Gov. John Bel Edwards’ decision to accept millions of dollars in new federal Medicaid money should help expand access for the poor people who depend on Medicaid for health care.

But accepting the new Medicaid money is only the first step in improving health care for Medicaid recipients. Access also requires attention to many other issues that aren’t easily resolved. Addressing those challenges will be a continuing problem for the policymakers in Edwards’ administration.

That reality was evident recently when administration officials unveiled a plan to sign up patients eligible for the new Medicaid money. The state is so cash-strapped right now it can’t easily handle the short-term cost of hiring workers to enroll those covered by the Medicaid expansion. The estimated price tag for the enrollment initiative is $2.8 million.

That’s why administration officials are asking health care providers to cover the cost instead. The unconventional proposal requires federal approval before any of the estimated 248 workers needed to staff the Medicaid expansion can be hired.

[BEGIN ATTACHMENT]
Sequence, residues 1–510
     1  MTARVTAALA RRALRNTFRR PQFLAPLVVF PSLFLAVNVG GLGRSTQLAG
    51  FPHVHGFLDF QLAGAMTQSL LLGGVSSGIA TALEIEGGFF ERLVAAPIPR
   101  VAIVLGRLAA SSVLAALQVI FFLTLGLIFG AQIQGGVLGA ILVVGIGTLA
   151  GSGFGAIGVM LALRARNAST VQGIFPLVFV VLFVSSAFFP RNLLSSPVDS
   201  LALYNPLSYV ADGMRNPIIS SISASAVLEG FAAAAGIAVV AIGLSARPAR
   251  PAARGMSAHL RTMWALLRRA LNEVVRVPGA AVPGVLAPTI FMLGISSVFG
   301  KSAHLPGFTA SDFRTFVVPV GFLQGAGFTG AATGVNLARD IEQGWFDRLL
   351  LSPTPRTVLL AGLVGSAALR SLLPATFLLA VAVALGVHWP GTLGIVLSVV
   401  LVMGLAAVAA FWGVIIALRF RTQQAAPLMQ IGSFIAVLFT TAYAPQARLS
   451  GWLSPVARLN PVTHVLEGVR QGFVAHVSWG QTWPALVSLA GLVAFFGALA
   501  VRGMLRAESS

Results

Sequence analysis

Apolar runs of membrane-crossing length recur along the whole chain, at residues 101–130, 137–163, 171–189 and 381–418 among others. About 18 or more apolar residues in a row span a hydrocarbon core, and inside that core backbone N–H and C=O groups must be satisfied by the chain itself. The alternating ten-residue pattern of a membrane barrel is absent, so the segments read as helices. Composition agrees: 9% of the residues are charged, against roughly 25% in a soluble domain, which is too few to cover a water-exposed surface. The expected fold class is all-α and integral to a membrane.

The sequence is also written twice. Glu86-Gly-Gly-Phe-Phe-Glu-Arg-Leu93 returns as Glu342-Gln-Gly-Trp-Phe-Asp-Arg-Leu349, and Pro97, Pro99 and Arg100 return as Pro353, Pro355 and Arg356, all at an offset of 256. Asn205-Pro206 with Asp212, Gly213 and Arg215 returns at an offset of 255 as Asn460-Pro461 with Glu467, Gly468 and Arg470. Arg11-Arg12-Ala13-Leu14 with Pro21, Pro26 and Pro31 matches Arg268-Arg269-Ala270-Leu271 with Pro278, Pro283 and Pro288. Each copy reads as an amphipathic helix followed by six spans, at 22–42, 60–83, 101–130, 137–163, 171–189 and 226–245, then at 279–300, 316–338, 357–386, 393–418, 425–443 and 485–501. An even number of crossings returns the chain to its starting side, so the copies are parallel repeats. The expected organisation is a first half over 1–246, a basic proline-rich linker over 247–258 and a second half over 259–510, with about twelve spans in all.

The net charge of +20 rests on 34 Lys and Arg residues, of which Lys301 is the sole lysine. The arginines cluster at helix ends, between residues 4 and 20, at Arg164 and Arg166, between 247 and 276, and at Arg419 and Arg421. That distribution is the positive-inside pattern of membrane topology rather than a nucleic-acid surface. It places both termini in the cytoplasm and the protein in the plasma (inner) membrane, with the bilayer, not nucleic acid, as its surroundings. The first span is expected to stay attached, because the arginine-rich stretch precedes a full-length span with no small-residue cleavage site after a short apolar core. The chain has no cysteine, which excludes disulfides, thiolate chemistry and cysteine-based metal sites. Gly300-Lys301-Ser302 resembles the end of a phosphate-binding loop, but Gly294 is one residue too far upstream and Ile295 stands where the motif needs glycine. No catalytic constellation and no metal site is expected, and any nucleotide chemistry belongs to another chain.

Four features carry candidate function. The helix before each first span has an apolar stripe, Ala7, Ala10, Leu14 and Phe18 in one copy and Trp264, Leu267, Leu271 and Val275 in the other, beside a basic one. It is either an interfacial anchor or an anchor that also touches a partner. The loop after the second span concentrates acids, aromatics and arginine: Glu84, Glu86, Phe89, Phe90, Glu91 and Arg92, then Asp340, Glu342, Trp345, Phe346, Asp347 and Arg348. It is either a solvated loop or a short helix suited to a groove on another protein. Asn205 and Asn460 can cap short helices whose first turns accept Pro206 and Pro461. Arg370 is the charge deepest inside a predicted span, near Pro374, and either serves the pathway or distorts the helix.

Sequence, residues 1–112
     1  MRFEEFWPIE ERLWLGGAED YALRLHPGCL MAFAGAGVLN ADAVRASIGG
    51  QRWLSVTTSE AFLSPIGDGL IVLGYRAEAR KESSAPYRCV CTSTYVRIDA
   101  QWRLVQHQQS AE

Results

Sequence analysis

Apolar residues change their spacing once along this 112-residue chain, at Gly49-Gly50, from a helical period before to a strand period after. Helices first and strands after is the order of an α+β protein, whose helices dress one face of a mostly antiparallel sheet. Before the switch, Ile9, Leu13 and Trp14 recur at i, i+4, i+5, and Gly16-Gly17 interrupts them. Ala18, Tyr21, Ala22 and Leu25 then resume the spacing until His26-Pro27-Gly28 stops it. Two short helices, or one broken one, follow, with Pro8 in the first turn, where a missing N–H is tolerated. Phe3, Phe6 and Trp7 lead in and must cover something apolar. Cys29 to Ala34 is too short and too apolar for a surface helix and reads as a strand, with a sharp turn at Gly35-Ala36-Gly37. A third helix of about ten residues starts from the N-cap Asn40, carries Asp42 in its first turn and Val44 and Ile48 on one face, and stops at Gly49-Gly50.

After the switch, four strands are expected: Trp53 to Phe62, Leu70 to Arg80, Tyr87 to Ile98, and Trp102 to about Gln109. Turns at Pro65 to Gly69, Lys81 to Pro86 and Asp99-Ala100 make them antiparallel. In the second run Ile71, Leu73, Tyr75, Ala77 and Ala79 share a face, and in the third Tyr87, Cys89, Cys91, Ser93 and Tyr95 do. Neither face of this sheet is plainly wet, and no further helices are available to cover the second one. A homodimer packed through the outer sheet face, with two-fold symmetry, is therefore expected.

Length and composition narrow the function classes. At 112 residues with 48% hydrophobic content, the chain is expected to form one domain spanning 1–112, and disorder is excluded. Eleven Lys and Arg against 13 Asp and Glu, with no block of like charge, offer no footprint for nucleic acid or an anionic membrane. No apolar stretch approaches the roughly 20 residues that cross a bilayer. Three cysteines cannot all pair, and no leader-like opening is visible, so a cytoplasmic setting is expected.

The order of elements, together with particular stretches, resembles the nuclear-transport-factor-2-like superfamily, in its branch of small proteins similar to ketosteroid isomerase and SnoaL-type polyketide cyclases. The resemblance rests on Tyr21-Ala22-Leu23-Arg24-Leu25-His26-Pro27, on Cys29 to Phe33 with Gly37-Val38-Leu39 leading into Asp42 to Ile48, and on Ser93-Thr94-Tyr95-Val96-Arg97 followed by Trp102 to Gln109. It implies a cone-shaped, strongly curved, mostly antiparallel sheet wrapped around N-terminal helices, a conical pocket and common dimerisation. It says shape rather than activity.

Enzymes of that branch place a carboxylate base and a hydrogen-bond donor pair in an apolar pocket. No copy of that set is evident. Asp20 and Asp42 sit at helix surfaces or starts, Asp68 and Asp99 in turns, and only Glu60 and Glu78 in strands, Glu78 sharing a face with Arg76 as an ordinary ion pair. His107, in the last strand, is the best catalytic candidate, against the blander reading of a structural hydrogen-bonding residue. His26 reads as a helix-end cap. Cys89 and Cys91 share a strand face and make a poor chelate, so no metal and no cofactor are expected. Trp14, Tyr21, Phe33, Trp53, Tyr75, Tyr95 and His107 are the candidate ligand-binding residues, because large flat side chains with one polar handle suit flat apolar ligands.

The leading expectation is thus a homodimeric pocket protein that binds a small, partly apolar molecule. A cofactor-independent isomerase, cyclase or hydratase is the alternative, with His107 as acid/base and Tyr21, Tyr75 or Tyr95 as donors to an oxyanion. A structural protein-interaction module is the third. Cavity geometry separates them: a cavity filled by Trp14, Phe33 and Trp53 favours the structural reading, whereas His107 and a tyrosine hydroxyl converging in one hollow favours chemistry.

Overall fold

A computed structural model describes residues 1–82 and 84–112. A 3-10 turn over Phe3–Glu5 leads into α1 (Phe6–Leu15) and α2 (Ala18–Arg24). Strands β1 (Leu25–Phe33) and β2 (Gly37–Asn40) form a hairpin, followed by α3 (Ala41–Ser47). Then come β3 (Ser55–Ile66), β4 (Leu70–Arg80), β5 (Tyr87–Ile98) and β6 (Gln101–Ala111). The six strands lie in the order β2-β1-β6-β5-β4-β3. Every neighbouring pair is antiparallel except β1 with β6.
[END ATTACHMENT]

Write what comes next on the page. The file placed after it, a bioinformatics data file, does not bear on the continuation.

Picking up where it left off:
We have supported Medicaid expansion in Louisiana, but it’s clear that expansion is a means to an end, not an end in itself. Fulfilling the program’s goals won’t be easy.

A recent story from the Sarasota Herald Tribune about Florida’s Medicaid program should be required reading for Louisiana government and civic leaders. It’s available here:

The story detailed access nightmares for Medicaid recipients, many of whom had trouble finding doctors who would accept Medicaid insurance. As Herald Tribune reporter Maggie Clark told readers, “a developmentally delayed child with AIDS was told to wait six months to see an ear, nose and throat specialist, even though his ears were throbbing and he was screaming in pain. A 3-year-old child with pancreatic disease and chronic tooth decay was dropped from his dentist, who stopped accrediting Medicaid patients. While his mother searched for another dentist, the tooth decay had so diminished the boy’s appetite that he was only drinking milk.”

U.S. Sen. Bill Cassidy, R-Baton Rouge, has pointed to the availability of doctors willing to accept Medicaid patients as a big problem. “I’m all for covering people; it’s just that Medicaid is a broken system,” Cassidy recently told The Advocate editorial board.

We support mending Medicaid rather than ending it. But clearly, getting new Medicaid dollars is just the first hurdle for the new governor. Translating those new dollars into effective health care means many hurdles to come.